I think too many junior players and their parents become overly focused on the strength and reputation of a school's golf/athletic program, and many are delusional.   It's hard to not fall into this way of thinking when you're a competitive person heavily immersed in the junior golf world, but unless the kid is an elite level talent with professional aspirations he/she would be better served focusing on a myriad of other criteria.

I say look for an overall "best fit."  Academic reputation, scholarship money available, strength of alumni program for future networking, the school's overall culture, available curriculum/majors, geography/climate/ease of travel to and from home, opportunity to play and travel with the team, etc., should all be considered and given significant weight in the decision.
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#10 heavy_hitter

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Posted 04 December 2017 - 10:35 AM

iTeach and dpd are correct.  

With girl's, the top ranked programs happen to be high academic ranked schools.  Vanderbilt, Stanford, USC, Furman, Duke, Northwestern all have high academic standards and are all great women's golf programs.

I find the rankings to be more flawed for the girl's than I do for the guy's.  D1 coaches do have an image and stereotype in their minds of what they want their gir's to look like.   Outside of the top 50 in each class is where things start to get skewed.  I found through the recruiting process that they are looking for girl's that are 5'6" and taller.  They want them to be able to drive the ball 230 yards plus.  At D1 schools they need to be able to get around courses that are around 6400 yards.  You may have a highly ranked female golfer that struggles when put on longer courses because they are distance challenged.  There is a way to manipulate the ranking system for these girl's.  It doesn't mean they aren't good, it just isn't what the coaches are looking for.  They want someone that is going to take irons into long par 4's, not someone who needs a hybrid and are going to bump and run it in there.  They look more at the untapped side of the potential through height and body stature than on the men's side which you don't see in the rankings.  My kid was one of those girl's.  Not highly recruited because of her ranking as I think the highest she was at one point was 398 overall and around 150 maybe 160 in her class.  When coaches saw her in the US Girl's Amateur and North/South she received a lot of offers because you can't teach a girl to be close to 5'10".

Edited by heavy_hitter, 04 December 2017 - 11:26 AM.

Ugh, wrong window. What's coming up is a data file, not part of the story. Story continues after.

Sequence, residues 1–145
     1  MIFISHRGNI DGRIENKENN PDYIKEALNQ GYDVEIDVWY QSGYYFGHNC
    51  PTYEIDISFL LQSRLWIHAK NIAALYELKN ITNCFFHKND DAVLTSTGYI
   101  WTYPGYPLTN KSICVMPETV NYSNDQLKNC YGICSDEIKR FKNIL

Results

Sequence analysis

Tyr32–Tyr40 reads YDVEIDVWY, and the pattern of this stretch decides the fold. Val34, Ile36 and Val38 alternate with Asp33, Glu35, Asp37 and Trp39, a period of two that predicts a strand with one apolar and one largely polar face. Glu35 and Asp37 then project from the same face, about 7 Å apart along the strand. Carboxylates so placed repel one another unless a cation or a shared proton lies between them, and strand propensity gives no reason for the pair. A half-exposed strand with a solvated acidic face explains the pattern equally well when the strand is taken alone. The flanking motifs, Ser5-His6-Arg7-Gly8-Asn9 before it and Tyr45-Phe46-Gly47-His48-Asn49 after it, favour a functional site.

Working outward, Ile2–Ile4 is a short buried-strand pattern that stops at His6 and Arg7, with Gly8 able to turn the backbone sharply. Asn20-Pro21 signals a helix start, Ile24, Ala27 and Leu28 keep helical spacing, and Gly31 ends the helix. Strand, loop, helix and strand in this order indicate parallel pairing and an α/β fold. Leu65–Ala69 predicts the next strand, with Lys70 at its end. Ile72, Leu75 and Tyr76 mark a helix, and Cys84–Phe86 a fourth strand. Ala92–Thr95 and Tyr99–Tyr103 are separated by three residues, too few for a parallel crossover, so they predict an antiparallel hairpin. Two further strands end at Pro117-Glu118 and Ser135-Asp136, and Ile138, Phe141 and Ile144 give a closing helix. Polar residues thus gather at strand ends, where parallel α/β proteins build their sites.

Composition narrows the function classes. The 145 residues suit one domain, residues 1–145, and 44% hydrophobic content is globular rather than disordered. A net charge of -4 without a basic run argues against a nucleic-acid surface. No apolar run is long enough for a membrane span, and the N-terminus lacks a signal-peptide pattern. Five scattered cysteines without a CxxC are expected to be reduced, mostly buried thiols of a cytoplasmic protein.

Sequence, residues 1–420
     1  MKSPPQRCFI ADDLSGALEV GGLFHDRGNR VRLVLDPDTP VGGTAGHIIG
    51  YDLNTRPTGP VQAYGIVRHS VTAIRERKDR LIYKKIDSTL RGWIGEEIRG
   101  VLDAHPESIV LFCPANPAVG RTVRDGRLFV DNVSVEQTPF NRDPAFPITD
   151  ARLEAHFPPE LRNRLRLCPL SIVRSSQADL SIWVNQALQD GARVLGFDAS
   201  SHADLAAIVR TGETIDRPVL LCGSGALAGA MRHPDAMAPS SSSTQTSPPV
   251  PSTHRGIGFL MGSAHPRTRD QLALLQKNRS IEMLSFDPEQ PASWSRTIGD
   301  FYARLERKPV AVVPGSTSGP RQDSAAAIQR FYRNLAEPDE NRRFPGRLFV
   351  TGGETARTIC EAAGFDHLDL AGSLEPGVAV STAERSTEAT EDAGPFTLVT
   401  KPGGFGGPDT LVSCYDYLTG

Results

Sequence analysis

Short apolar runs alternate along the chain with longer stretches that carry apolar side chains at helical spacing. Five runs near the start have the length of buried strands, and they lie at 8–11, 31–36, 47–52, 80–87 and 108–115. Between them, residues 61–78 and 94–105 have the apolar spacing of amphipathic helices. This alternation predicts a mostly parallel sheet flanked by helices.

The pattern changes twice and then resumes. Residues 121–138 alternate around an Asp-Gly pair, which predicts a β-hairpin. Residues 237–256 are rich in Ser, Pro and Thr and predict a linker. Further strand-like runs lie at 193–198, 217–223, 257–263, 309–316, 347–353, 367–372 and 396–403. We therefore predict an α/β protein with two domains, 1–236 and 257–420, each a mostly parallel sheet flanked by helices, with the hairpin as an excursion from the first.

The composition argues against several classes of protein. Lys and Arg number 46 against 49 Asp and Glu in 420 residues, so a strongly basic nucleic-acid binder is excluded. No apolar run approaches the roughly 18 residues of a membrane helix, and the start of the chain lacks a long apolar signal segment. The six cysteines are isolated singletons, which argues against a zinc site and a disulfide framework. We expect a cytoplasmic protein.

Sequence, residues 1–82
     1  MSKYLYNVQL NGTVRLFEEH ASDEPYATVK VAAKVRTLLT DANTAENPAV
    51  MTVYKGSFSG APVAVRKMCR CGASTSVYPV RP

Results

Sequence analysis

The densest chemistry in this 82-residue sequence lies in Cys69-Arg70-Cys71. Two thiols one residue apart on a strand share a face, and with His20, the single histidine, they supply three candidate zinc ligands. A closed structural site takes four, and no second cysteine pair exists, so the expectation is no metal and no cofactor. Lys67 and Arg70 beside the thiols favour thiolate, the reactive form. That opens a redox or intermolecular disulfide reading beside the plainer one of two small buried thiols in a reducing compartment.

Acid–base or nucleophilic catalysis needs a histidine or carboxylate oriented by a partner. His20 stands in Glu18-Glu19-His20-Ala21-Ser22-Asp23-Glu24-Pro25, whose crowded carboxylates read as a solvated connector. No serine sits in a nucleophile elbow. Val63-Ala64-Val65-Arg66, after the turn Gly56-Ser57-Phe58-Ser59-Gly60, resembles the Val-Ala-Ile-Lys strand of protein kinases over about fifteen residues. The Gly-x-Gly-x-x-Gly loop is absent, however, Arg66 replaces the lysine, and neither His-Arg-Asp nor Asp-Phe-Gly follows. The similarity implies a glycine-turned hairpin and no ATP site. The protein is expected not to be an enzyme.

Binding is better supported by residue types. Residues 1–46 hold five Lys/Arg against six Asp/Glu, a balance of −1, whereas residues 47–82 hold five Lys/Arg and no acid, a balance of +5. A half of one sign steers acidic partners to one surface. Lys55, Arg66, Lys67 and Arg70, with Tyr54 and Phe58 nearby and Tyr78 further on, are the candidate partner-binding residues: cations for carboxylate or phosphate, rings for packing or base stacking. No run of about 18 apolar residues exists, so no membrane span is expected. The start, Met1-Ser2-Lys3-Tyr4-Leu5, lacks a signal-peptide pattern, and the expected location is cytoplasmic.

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#11 CTgolf

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Posted 05 December 2017 - 01:54 AM

View Postbyerxa, on 03 December 2017 - 10:00 PM, said:

View Postiteachgolf, on 02 December 2017 - 08:09 AM, said:

And many of the top women's golf programs also happen to be top academic schools.

This is exactly what my daughter and I have found going though this process. She is a "meh" golfer (650-700 NJGS ranking, no WAGR at this point) but academically strong (4.0 gpa, 1490 on first swipe at SAT basically written on a lark).  Consequently academics are a priority so you'd think the goal would be a highly ranked academic school with a 100-200 ranked DI program but alas that really does not exist.  It seems strong academics go hand in hand with high end athletics (save for Ivy league). Given that I am surprised how much is available for women's golf.  In my daughters case I really did not think she'd have any chance given her golfing level, but some coaches are looking at her because a) academics and b) she has not been golfing long so some are willing to take a shot on potential.

It sounds like your daughter is a very good student, and would qualify for admissions to top schools based on academic merit alone

But I have to disagree with the comment “strong academics go hand in hand with high end athletics” ex-Ivy

Take a look at the top 30 schools in this list:
https://www.usnews.c...al-universities

Roughly 1/3 of the highest 30 have what could be deemed as superior athletic programs.  The reality is most of the best schools (based on subjective rankings but interestingly almost all the various rankings are very similar) are either Ivy or non-D1.

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#12 heavy_hitter

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Posted 05 December 2017 - 11:33 AM

View PostCTgolf, on 05 December 2017 - 01:54 AM, said: